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Is There Enough Protein In Brown Rice?

Rice isn't really one of those foods that we naturally associate with protein. Many vegan-friendly protein powders list brown rice as their main ingredient. This may come as a surprise, as rice isn’t really one of those foods that we naturally associate with protein! Rice is a carbohydrate – right? Is there really protein in brown rice, and – more importantly – what is the quality of the protein in brown rice?  

Does brown rice have protein?

In short, yes! Brown rice does contain protein. In fact, all grains contain protein, and most plant-based foods also contain a small amount. One cup of brown rice provides about 5 grams of protein, which is about 10 percent of the daily recommended value for a healthy adult. For the purpose of discussion, consider the fact that the protein content of brown rice is about 1 gram higher than the same amount of white rice. White rice is also significantly lower in dietary fiber than brown. Although brown and white rice are derived from the same plant, they represent the same grain at different stages of processing. Brown rice is essentially the whole grain – including the hull, bran, and germ. White rice, however, contains only the carbohydrate-rich endosperm. Brown rice is also a good source of a variety of vitamins and minerals compared to white rice, including B vitamins, phosphorus, zinc, selenium, magnesium, and manganese. Although you can certainly gain these nutrients from other parts of your diet (hello, fruits and vegetables!) – when it comes to choosing the color of your rice, why not get all the nutritional bang for your buck that you can? In general, brown rice is a more well-rounded food than white, and protein powder made from brown rice follows suit.  

What about brown rice protein powder?

Of course, up to this point we’ve only discussed the actual grain. What about the powder derived from it? While all products differ slightly, our rice protein powder - Naked Rice, is produced using a clean, hexane-free process in order to extract the protein in high concentrations from the grain. The final result is a high-quality protein powder that contains 25 grams protein per serving with only 4 grams of carbohydrates and 0.5 grams fat. As far as protein powders go, these numbers are pretty ideal.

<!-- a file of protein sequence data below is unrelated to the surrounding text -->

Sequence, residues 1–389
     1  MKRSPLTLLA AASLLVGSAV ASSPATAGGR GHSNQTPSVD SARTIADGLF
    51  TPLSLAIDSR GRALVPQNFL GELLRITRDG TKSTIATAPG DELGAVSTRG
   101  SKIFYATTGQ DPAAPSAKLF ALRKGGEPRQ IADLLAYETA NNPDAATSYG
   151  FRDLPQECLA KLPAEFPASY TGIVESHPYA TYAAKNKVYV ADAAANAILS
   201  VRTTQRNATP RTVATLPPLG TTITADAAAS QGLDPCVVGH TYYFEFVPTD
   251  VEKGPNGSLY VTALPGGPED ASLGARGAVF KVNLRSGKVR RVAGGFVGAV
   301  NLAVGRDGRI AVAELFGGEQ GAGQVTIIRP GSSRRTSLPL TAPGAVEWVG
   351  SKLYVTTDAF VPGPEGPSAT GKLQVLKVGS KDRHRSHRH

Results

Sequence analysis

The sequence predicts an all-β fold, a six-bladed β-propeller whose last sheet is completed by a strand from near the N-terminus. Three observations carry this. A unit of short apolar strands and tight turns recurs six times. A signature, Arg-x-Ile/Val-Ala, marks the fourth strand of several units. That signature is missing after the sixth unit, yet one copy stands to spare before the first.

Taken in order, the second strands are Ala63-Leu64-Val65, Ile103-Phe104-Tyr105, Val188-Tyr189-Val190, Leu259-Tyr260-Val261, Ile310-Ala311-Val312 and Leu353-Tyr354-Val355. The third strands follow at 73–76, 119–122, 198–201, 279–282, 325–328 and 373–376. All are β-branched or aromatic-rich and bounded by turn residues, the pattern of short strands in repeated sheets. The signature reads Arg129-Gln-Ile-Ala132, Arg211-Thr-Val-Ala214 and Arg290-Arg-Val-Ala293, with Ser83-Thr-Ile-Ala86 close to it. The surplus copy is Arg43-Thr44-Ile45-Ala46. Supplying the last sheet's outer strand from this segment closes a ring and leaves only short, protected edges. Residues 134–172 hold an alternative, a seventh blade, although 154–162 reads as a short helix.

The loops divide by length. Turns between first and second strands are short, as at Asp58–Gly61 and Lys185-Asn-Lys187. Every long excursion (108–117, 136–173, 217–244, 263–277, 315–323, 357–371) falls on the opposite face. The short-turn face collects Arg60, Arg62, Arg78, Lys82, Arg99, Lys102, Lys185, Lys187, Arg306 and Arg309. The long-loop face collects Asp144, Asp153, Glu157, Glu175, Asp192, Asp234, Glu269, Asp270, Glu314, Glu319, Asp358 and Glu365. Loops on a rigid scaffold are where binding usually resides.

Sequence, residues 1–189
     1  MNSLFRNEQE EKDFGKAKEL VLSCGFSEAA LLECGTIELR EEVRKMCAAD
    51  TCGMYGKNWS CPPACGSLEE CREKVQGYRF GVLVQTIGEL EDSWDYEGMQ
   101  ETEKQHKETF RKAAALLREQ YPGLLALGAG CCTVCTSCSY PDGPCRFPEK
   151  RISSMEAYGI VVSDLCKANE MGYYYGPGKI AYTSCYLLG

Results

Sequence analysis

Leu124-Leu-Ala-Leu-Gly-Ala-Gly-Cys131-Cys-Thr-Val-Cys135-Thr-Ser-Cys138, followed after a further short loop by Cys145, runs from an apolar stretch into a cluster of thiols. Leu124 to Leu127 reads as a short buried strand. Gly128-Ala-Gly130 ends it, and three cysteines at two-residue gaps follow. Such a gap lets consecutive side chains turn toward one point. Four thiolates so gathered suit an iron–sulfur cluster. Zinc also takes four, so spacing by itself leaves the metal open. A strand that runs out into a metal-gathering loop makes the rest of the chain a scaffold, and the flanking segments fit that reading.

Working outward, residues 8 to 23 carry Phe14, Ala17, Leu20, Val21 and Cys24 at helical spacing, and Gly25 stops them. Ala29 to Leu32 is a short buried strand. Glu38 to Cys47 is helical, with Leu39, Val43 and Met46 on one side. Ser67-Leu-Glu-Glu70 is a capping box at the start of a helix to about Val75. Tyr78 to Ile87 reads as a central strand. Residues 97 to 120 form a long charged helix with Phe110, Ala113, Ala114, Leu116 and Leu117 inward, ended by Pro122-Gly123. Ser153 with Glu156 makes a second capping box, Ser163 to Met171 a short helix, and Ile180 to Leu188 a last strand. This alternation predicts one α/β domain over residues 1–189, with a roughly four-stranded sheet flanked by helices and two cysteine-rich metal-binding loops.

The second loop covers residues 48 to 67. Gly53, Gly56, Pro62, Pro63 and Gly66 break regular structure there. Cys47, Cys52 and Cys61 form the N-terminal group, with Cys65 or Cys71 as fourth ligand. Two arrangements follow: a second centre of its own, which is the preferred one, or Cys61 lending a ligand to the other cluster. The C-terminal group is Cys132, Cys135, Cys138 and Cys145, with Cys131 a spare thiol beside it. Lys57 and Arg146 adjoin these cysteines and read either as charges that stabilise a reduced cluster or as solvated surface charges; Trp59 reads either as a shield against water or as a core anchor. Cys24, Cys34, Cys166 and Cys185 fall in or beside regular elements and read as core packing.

Amino acids and protein quality

You may have heard about the idea of protein quality before – but do you know what it refers to? When people talk about proteins, they often use buzzwords such as “complete” versus “incomplete”. What does that mean? [caption id="attachment_1973" align="aligncenter" width="323"]Naked Rice Amino Acid Profile Naked Rice Amino Acid Profile[/caption] Proteins are made of amino acids – smaller substances that can be found in varying degrees in our diet. Some amino acids can even be made in the body from raw materials gathered from other foods – these are known as nonessential amino acids. Nine amino acids are classified as essential amino acids, meaning that our body cannot produce them on its own, and they must be obtained from the diet. Proteins that contain all of the essential amino acids are considered “complete”.  

How to complete an incomplete protein

Technically speaking, the protein in brown rice is incomplete. Brown rice does not contain the essential amino acid threonine, and it contains relatively low levels of lysine. Typically, plant foods are incomplete proteins, while those from animal sources are complete. Does this mean that brown rice protein is inferior to other types of protein powder, or any less useful? Of course not. The concentration of some amino acids (such as arginine and valine) is higher in brown rice protein is higher than those found in whey. Brown rice protein is also rich in branched-chain amino acids (BCAAs), a unique group of amino acids that have been shown to exhibit special benefits when it comes to building and repairing muscle fibers. It should also be noted that the essential amino acids do not have to be consumed all at once to be beneficial. In order to provide you with extra threonine, you can eat foods like spinach, kale, and other leafy greens. These don’t need to be eaten in the same meal as brown rice protein – you can eat them at any point throughout your day to reap the benefits.  

Is there enough protein in brown rice for my diet?

The average healthy person needs about 0.8 to 1 gram protein per kilogram body weight per day – equivalent to 1.76 to 2.2 grams per pound. This means that a 150-pound person needs about 55 to 68 grams per day. In order to consume that much strictly via brown rice protein, you’d need to take a little over 2 servings each day. So, in theory – yes! If you’re a vegetarian or vegan and enjoy protein shakes, it is indeed possible to get enough protein from brown rice protein for your daily needs. Brown rice is also gluten-free, which is good news if your diet requires gluten restriction or avoidance. However, most Americans consume more than this amount of protein – especially those of us who enjoy meat and people trying to put on muscle, lose weight, or achieve some type of health or fitness goal. In this case, you’d likely have to consume more protein powder than you’d like. Of course, there is certainly room for brown rice protein in this type of diet, as well as a good balance of other types of protein. Read More: Top 10 Benefits of Rice Protein 10 Easy Ways to Boost Plant Protein in a Vegan Diet 4 Ways to Make Brown Rice Protein Shakes Taste Delicious

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